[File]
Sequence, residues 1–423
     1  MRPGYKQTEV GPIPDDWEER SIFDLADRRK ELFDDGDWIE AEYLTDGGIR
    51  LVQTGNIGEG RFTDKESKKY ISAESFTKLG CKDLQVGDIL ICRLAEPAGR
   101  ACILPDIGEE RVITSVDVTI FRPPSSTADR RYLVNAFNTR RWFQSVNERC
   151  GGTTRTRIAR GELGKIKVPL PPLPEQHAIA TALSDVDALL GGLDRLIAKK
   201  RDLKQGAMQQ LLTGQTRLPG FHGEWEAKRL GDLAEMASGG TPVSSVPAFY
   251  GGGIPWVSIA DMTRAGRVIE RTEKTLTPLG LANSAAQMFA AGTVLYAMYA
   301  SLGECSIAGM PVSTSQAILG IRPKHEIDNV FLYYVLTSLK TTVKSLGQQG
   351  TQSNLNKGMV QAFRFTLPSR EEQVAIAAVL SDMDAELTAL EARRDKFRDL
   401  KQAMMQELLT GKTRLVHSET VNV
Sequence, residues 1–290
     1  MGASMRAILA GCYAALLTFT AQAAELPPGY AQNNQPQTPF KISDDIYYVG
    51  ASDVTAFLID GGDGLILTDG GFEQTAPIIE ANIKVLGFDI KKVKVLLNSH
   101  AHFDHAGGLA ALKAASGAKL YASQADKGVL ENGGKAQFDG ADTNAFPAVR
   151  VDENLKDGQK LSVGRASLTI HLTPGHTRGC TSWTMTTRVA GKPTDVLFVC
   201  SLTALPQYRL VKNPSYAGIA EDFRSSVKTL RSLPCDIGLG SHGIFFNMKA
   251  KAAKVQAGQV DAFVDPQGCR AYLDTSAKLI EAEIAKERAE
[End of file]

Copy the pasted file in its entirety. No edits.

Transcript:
Sequence, residues 1–423
     1  MRPGYKQTEV GPIPDDWEER SIFDLADRRK ELFDDGDWIE AEYLTDGGIR
    51  LVQTGNIGEG RFTDKESKKY ISAESFTKLG CKDLQVGDIL ICRLAEPAGR
   101  ACILPDIGEE RVITSVDVTI FRPPSSTADR RYLVNAFNTR RWFQSVNERC
   151  GGTTRTRIAR GELGKIKVPL PPLPEQHAIA TALSDVDALL GGLDRLIAKK
   201  RDLKQGAMQQ LLTGQTRLPG FHGEWEAKRL GDLAEMASGG TPVSSVPAFY
   251  GGGIPWVSIA DMTRAGRVIE RTEKTLTPLG LANSAAQMFA AGTVLYAMYA
   301  SLGECSIAGM PVSTSQAILG IRPKHEIDNV FLYYVLTSLK TTVKSLGQQG
   351  TQSNLNKGMV QAFRFTLPSR EEQVAIAAVL SDMDAELTAL EARRDKFRDL
   401  KQAMMQELLT GKTRLVHSET VNV
Sequence, residues 1–290
     1  MGASMRAILA GCYAALLTFT AQAAELPPGY AQNNQPQTPF KISDDIYYVG
    51  ASDVTAFLID GGDGLILTDG GFEQTAPIIE ANIKVLGFDI KKVKVLLNSH
   101  AHFDHAGGLA ALKAASGAKL YASQADKGVL ENGGKAQFDG ADTNAFPAVR
   151  VDENLKDGQK LSVGRASLTI HLTPGHTRGC TSWTMTTRVA GKPTDVLFVC
   201  SLTALPQYRL VKNPSYAGIA EDFRSSVKTL RSLPCDIGLG SHGIFFNMKA
   251  KAAKVQAGQV DAFVDPQGCR AYLDTSAKLI EAEIAKERAE